Special thanks to Rev. Bill Moorhead for his contributions to this article.
There have been many churches in the Near North Side neighborhood since its establishment in the earliest years of the city of Omaha starting in the 1850s. Some stayed throughout the decades and changing demographics. However, many churches left the neighborhood when their congregants moved. One such congregation is St. Paul Lutheran Church, and this is its history in North Omaha.
Forming a Church
North Omaha’s St. Paul Lutheran Church was founded in the Near North Side neighborhood in 1887. Arriving in the city to work for the Union Pacific Railroad and in warehousing, Germans had their own language and longtime Lutheran roots, and believed they needed their own congregation to serve them close to their homes. First meeting in the Norwegian Lutheran Church at North 26th and Hamilton Street, this initial location was in the neighborhood of many other congregations belonging to Methodists, Baptists, Episcopalians, Presbyterians, and even other Lutheran congregations. The church’s first minister came in 1888, and was Rev. J. Herr.
Growing and Moving
For the reason that the neighborhood was too packed, in 1892 a new church and parsonage was built at North 28th and Parker Streets on the outskirts of the Near North Side. Focused on extra land at the site, the First Lutheran Church of Omaha built a school here as well and sold it to the St. Paul congregation. The church was dedicated in December of that year.
On Easter Day, March 23, 1913, a massive tornado swept through North Omaha after church services ended and a wedding happened in the building. There were eight choir members rehearsing in the basement of the church when the monster attacked, but nobody was hurt. However, the church was completely obliterated by the tornado. Without insurance on the building, the congregation expected to have a hard time raising money to recuperate. However, a collection was held in Lutheran churches across Omaha, and more than $32,000 was raised.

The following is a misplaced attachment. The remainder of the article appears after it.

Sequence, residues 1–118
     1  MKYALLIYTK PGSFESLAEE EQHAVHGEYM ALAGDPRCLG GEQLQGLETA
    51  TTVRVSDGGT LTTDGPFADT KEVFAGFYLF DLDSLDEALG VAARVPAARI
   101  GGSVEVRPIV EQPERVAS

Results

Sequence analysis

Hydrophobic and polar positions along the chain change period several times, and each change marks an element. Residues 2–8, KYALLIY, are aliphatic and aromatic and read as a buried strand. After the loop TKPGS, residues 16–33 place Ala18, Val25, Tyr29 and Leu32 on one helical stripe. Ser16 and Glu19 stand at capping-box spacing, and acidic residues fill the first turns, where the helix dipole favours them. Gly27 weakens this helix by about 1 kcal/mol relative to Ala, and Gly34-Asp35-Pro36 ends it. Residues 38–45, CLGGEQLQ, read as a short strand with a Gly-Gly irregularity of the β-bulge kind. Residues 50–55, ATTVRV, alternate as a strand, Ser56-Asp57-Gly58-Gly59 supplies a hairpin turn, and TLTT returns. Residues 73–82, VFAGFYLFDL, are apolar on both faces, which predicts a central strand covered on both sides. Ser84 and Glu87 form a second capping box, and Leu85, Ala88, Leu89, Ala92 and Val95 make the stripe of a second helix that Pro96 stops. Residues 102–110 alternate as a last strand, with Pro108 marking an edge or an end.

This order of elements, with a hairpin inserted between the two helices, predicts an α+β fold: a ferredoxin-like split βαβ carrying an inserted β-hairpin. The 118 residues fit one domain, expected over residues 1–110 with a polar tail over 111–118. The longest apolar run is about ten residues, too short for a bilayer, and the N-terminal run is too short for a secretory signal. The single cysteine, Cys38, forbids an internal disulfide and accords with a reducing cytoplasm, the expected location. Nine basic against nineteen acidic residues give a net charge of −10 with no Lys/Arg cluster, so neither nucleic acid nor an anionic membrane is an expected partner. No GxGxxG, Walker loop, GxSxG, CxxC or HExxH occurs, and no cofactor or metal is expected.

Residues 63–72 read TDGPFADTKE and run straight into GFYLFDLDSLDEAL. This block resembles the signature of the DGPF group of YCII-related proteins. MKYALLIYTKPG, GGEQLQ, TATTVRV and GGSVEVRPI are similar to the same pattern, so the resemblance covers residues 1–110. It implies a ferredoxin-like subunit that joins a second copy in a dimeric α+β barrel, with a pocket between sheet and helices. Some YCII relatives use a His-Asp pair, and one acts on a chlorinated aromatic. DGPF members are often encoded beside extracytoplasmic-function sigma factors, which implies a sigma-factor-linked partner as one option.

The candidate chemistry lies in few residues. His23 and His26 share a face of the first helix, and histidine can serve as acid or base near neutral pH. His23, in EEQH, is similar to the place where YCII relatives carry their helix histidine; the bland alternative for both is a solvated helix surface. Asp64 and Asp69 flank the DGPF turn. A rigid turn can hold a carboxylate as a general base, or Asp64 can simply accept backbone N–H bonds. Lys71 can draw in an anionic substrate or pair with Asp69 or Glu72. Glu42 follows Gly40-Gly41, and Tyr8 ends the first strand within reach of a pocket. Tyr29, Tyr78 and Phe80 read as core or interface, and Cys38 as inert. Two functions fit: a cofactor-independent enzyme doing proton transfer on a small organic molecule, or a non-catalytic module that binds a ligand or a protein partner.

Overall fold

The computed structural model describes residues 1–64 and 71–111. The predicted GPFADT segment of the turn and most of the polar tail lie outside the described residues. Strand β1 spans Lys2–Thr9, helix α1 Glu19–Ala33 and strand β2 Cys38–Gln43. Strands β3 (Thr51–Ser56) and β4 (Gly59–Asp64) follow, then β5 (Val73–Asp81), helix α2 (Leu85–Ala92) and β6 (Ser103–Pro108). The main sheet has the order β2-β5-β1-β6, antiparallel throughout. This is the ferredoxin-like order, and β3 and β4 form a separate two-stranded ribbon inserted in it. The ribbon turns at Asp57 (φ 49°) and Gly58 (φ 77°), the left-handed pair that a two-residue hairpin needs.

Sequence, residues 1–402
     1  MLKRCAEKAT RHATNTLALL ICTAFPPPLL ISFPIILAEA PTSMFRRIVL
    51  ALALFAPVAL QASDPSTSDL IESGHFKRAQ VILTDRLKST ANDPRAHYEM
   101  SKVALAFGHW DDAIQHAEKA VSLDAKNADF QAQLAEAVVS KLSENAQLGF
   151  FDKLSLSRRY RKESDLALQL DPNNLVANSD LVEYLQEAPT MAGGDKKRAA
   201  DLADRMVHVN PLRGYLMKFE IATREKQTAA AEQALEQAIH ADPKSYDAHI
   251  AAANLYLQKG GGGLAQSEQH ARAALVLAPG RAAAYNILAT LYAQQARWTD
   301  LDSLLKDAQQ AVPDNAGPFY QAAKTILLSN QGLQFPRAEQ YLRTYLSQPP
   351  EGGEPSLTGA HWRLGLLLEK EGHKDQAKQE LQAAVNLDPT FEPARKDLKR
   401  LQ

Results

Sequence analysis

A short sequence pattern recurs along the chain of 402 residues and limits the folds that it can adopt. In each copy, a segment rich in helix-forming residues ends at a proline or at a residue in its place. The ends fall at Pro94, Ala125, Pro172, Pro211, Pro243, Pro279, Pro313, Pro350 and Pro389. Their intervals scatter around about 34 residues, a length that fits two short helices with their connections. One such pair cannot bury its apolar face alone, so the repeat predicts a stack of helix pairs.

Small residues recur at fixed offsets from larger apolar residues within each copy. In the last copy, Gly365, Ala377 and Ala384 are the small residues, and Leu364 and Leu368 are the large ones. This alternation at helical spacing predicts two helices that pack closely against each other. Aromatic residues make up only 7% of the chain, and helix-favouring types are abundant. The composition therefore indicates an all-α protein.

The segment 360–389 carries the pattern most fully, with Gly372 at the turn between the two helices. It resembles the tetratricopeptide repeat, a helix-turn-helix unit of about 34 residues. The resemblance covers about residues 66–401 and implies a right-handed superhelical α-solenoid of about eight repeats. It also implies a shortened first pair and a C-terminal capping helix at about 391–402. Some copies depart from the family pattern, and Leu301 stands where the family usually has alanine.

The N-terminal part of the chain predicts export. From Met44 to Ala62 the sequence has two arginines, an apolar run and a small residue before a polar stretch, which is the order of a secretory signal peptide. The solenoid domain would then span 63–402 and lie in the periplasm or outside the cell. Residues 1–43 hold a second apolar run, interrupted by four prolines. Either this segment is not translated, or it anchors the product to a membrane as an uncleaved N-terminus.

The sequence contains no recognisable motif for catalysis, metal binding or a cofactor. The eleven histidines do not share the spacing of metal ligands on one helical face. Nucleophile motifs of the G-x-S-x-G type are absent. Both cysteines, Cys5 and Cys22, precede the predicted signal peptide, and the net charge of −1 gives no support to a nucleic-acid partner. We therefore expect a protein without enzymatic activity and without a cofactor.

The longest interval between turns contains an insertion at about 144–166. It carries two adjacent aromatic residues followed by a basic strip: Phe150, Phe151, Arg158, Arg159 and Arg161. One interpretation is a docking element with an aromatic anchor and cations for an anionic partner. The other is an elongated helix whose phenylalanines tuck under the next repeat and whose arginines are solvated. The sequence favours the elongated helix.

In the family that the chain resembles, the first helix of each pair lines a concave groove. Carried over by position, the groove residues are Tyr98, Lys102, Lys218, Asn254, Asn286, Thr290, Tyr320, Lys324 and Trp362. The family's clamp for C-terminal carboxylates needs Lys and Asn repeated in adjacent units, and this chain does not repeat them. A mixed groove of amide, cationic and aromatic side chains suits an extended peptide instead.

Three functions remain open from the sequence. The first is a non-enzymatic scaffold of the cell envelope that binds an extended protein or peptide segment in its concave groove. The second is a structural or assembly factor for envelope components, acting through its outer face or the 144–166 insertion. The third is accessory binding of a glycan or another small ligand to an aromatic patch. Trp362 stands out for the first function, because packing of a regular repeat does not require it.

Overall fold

Growing and Moving Again
Soon after, the congregation decided to move northwards, and in December 1913 they laid the cornerstone of their new church and school and parsonage at North 25th and Evans Street in the Kountze Place neighborhood. This address was more prestigious and reflected a middle and upper-middle class bearing for the congregation; it also preceded the white flight that struck St. Paul’s old neighborhood starting immediately after the lynching of Will Brown in September 1919. Their new location was in a neighborhood with strict redlining though, and its location likely seemed insulated enough to keep the white congregants feeling “safe” from the African Americans who lived nearer to their former location. Shortly after they moved out, the building became home to the Clair Memorial United Methodist Church and stayed that way for several decades. In the 1940s, the church was added onto because of its growing congregation.
The End of St. Paul’s
For more than 40 years, St. Paul Lutheran Church and its school flourished.
By the late 1950s though, the congregation faced the integration of the neighborhood surrounding the church. In 1958, they began moving further west by building a new school at North 50th and Grand Avenue. After several years of the church meeting in the school’s basement, in 1966 they broke ground on a new church building at the site. Operating in a growing neighborhood for the next 30 years and the congregation’s membership peaked in the late 1970s. However, in the 1980s the surrounding demographics changed again. Church attendance started to decline and never recovered, with many families left the congregation for other churches in west Omaha.
Determined to appeal to the new African American neighbors, the church stayed open in the area and accepted non-Lutheran students in the school. The school’s population grew, and by 1996 was nearly double from four years earlier.
After 132 years, in 2019 the St. Paul’s Church closed permanently. The congregation merged with several others and is now called the River of Life Lutheran Church.
The unique and beautiful building at North 25th and Evans Street has been empty for several years and continues to languish without attention.
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